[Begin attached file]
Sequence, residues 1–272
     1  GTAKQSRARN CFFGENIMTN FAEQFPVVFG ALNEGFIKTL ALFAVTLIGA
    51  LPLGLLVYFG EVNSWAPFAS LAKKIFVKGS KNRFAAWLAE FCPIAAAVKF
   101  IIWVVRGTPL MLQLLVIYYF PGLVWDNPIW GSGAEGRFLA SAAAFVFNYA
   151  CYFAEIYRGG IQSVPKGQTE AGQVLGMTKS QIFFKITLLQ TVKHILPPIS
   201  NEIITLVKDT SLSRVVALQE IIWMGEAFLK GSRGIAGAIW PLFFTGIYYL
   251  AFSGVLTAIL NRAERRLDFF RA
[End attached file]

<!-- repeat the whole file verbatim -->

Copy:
Sequence, residues 1–272
     1  GTAKQSRARN CFFGENIMTN FAEQFPVVFG ALNEGFIKTL ALFAVTLIGA
    51  LPLGLLVYFG EVNSWAPFAS LAKKIFVKGS KNRFAAWLAE FCPIAAAVKF
   101  IIWVVRGTPL MLQLLVIYYF PGLVWDNPIW GSGAEGRFLA SAAAFVFNYA
   151  CYFAEIYRGG IQSVPKGQTE AGQVLGMTKS QIFFKITLLQ TVKHILPPIS
   201  NEIITLVKDT SLSRVVALQE IIWMGEAFLK GSRGIAGAIW PLFFTGIYYL
   251  AFSGVLTAIL NRAERRLDFF RA